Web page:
Most larger companies in the pre-Agile days had a fairly powerful organization called a “PMO” which stands for Program Management Office (program management is essentially project management for very large projects). 

This is the group of project managers that are responsible for herding the cats (product, design, engineering, QA, operations, etc.) and ensuring that the roadmaps get delivered “on time and on budget.”  They are the personification of project-mindset organizations.

When most companies moved to Agile, this PMO group was intentionally sidelined.  The argument was that the product teams should step up and take responsibility for this.

In some companies the PMO jobs were actually eliminated, but in others they were largely pushed aside from the software efforts and relegated to things like orchestrating moves from one building to another.

As you might imagine, this didn’t sit too well with the PMO organizations of the world, but the momentum behind Agile was too great, and the frustrations with the old ways of working too real, so they spent nearly a decade trying to figure out their place in the tech world.

But they have returned.

Over the past few years, a number of companies have asked me about this notion of processes that focus on “Agile at Scale,” the most heavily marketed (judging in part by the amount of spam I receive) such process is SAFe (Scaled Agile Framework).

Now I need to be clear on something here.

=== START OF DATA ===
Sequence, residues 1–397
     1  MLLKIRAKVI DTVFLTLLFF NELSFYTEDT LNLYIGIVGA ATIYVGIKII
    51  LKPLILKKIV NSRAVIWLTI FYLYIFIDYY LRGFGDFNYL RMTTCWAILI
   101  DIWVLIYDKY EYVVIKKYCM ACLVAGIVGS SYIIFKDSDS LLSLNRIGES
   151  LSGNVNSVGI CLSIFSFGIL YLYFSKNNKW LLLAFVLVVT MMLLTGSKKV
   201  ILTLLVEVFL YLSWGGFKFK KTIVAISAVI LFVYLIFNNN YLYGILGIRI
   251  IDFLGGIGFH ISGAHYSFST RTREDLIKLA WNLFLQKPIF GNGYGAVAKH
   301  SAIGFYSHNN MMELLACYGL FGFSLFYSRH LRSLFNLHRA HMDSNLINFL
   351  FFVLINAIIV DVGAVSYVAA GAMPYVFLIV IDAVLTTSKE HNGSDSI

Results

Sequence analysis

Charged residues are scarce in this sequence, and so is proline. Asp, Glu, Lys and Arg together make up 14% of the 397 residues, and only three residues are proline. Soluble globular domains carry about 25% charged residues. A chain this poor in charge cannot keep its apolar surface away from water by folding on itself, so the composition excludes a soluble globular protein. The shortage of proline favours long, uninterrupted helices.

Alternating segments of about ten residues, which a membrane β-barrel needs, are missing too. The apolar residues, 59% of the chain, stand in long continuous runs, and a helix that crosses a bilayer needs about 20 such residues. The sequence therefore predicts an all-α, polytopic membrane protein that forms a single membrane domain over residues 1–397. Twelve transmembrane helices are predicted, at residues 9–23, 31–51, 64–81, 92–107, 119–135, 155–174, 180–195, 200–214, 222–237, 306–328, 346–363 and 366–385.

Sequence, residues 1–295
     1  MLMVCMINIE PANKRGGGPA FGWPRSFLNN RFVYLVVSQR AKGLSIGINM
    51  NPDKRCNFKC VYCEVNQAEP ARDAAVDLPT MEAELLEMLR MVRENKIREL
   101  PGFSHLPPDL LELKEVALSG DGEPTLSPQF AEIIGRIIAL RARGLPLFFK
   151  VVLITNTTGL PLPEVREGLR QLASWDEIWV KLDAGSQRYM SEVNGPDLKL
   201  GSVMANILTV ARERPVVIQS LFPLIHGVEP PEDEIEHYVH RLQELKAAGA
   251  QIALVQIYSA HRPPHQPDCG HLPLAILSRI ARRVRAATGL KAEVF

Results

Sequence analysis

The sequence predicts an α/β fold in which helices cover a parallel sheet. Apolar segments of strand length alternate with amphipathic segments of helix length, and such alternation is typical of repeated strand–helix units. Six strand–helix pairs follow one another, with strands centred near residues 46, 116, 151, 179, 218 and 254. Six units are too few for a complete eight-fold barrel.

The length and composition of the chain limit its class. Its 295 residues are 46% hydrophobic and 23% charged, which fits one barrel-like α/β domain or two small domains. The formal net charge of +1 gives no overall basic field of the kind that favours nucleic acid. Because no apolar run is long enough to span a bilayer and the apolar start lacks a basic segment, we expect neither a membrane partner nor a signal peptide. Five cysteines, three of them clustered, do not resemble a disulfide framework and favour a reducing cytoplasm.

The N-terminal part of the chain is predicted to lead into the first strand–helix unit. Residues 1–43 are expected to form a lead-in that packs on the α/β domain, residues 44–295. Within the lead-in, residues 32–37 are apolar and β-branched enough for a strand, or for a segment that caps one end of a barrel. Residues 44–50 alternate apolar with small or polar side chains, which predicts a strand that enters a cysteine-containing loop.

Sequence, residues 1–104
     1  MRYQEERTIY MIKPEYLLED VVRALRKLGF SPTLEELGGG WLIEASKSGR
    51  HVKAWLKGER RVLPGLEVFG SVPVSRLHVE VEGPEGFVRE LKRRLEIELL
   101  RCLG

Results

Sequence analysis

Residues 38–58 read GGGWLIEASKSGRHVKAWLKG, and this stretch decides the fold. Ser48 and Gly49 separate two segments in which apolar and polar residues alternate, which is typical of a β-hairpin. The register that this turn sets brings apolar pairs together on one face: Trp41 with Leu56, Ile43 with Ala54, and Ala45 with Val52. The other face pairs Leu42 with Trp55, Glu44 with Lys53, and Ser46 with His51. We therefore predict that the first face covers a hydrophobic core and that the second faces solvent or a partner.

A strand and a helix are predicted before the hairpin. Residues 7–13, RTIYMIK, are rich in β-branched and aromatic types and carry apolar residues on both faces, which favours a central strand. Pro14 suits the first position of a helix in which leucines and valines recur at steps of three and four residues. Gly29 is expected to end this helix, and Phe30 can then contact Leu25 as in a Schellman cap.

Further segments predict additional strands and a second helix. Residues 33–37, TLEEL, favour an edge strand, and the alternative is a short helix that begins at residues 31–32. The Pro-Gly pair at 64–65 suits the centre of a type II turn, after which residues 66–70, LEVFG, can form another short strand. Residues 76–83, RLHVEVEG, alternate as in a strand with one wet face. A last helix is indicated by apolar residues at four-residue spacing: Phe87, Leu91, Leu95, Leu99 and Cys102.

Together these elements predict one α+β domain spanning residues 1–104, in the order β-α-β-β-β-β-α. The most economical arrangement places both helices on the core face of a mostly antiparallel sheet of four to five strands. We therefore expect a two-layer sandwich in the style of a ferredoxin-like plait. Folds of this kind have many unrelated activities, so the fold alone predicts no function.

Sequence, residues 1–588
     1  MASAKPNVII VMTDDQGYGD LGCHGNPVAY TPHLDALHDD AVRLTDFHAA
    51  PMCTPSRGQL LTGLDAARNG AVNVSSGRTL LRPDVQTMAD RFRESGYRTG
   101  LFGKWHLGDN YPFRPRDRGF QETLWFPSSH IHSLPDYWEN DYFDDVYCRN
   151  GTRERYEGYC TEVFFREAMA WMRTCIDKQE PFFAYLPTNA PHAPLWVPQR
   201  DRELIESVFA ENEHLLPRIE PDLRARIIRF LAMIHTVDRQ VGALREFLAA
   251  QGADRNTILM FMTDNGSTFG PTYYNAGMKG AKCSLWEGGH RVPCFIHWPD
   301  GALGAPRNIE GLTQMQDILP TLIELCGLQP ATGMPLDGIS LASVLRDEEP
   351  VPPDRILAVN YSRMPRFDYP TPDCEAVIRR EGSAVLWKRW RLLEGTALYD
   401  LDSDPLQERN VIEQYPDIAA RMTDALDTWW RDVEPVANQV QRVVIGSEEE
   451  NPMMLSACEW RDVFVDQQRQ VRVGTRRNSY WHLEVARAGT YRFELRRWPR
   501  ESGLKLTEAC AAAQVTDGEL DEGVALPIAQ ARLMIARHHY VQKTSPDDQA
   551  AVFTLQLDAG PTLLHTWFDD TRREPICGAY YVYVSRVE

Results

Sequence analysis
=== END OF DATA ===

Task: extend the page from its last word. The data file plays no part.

Normally I only write about processes and techniques that I can vouch for first-hand.  The problem here is that I don’t personally know of a single leading tech product company that is using SAFe. 

So while I have read the white papers, and watched the videos, and have spoken to many people now that have been trained on and been forced to use SAFe, everything I know about this is all second-hand.

All the examples I have found are big IT, project-mindset organizations – big banks and insurance companies – not technology-powered product-mindset companies – so not the type of company that I would normally work with.

I will also admit to a strong bias.  From all that I have read and heard, I would not want to work in a company using a process like this.  I can’t imagine any of the strong tech product companies I know choosing to move to SAFe, and if for some reason they did, I’m pretty certain their top talent would leave.

Now the people behind this process are pretty savvy.  Rather than a frontal assault on Agile, they take an “embrace and extend” marketing strategy, so you will find every buzzword you’ve ever heard from the Agile and Lean worlds including Scrum, Kanban, XP, Lean Startup, Lean UX, Continuous Delivery, and DevOps.

But it’s just a marketing strategy.  Mostly they just redefine the meaning of these terms to obscure their purposes.  An Epic becomes a “mini business case;” the concept of governance sounds less onerous when called “lean governance;” and program management might cause less angst when positioned as “agile program management.”  The constant talk of iterations and agile obscures the reality that these “Agile Release Trains” are mostly happening every 10 weeks. 

I could go on, but hopefully you get the point.  The core benefits of Agile and Lean are lost.  More accurately, if you follow their process, I find it inconceivable that you’ll be able to achieve the underlying benefits of innovation that can come from effective use of Agile and Lean methods.